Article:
Thursday, June 16, 2011

Schools: Conflict over the nature of homework


After Donna Cushlanis’s son kept bursting into tears midway through his second-grade math problems, which one night took over an hour, she told him not to do all of his homework.

“How many times do you have to add seven plus two?” Ms. Cushlanis, 46, said. “I have no problem with doing homework, but that put us both over the edge. I got to the point that this is enough.”

Ms. Cushlanis, a secretary for the Galloway school district, complained to her boss, Annette C. Giaquinto, the superintendent. It turned out that the district, which serves 3,500 kindergarten through eighth-grade students, was already re-evaluating its homework practices. The school board will vote this summer on a proposal to limit weeknight homework to 10 minutes for each year of school — 20 minutes for second graders, and so forth — and ban assignments on weekends, holidays and school vacations. [...]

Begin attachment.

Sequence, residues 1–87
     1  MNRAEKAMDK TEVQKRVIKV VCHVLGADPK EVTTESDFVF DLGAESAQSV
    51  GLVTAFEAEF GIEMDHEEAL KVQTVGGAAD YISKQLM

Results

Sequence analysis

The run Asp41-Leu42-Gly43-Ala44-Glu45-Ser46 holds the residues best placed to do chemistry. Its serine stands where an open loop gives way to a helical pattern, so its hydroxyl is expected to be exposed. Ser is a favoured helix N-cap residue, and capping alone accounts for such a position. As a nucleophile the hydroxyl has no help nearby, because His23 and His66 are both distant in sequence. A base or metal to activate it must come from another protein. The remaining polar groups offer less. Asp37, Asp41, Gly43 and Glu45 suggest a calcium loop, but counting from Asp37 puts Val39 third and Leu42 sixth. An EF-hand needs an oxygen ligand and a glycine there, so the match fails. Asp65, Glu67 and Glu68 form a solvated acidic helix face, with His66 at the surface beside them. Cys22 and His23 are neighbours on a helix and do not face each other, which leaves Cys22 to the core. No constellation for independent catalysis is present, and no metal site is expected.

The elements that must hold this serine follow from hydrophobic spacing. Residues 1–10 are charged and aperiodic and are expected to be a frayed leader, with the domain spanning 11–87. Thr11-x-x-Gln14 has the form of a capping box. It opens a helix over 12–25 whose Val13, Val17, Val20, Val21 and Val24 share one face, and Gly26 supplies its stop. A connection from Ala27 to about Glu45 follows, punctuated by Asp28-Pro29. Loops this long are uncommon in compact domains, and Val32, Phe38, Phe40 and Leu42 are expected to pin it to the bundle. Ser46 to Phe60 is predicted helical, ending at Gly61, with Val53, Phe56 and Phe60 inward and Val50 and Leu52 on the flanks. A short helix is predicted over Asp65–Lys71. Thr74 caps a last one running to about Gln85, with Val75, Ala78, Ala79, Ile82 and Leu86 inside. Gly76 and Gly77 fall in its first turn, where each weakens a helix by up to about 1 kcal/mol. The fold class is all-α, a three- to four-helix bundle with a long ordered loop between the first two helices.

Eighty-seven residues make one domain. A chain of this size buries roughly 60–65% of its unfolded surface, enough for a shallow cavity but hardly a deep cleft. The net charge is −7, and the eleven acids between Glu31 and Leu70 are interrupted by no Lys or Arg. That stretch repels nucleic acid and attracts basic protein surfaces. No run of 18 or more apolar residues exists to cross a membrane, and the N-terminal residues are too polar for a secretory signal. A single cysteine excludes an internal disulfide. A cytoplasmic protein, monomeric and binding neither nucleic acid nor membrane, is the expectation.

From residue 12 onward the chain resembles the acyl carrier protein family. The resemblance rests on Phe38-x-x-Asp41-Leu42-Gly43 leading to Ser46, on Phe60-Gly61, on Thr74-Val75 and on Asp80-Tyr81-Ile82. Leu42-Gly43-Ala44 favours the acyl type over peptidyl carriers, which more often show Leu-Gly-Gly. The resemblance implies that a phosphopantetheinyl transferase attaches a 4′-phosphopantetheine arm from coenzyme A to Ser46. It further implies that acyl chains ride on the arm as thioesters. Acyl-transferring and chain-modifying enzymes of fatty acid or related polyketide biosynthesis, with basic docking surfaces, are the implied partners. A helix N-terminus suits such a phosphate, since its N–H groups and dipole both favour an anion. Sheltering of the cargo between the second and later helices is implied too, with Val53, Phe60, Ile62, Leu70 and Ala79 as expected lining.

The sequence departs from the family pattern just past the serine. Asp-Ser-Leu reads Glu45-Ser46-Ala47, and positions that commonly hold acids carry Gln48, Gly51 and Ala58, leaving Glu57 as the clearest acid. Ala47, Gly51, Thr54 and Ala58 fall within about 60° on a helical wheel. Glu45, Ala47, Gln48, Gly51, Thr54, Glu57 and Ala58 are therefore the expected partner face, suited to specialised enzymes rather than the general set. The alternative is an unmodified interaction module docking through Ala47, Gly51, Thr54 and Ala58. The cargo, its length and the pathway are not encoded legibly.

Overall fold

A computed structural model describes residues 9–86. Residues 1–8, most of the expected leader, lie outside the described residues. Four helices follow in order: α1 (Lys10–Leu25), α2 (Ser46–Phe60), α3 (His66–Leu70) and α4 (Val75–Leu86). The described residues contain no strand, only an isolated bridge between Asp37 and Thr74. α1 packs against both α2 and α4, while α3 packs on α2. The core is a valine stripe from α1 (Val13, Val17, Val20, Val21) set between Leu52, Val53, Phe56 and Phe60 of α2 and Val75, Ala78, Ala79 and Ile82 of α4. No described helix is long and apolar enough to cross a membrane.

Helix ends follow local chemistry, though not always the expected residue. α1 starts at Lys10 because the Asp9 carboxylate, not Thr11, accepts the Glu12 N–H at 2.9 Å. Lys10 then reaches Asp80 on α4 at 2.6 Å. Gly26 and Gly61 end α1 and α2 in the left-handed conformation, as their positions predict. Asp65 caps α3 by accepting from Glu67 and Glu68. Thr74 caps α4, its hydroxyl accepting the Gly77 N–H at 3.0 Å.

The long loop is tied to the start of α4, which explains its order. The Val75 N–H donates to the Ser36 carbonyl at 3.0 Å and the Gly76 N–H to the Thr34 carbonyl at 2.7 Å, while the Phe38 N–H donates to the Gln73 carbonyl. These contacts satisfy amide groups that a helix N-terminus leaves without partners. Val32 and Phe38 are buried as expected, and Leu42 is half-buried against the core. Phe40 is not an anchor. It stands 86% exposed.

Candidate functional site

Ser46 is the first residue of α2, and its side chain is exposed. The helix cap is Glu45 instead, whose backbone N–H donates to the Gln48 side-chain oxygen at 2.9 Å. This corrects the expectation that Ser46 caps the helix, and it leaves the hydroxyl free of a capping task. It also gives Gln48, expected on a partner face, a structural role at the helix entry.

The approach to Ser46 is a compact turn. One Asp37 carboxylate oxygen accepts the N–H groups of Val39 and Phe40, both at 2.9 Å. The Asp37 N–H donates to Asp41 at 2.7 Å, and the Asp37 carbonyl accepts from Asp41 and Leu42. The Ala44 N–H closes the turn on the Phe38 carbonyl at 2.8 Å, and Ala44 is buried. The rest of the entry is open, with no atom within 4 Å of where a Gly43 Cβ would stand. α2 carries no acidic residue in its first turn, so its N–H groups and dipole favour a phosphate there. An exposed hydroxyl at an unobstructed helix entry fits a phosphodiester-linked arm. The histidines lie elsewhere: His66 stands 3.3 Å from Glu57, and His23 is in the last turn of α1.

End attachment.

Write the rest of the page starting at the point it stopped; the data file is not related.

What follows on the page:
1 comment :

  1. The same discussion, at a higher level:

    “Incidentally, calculus, like algebra, is just a form of low cunning. You have to be smart enough to get the idea of infinitesimals and limits, but that's not really all that hard. After that it's a matter of doing the exercises. And doing the exercises. And doing the exercises, until it becomes natural to use calculus, just as you had to spend a time learning the multiplication and addition tables, by rote, learn by heart, before you could really use arithmetic. But once you do that, arithmetic comes naturally.” —Jerry Pournelle

    TL;DR: Stupitity is optional—usually.


please use either your real name or a pseudonym.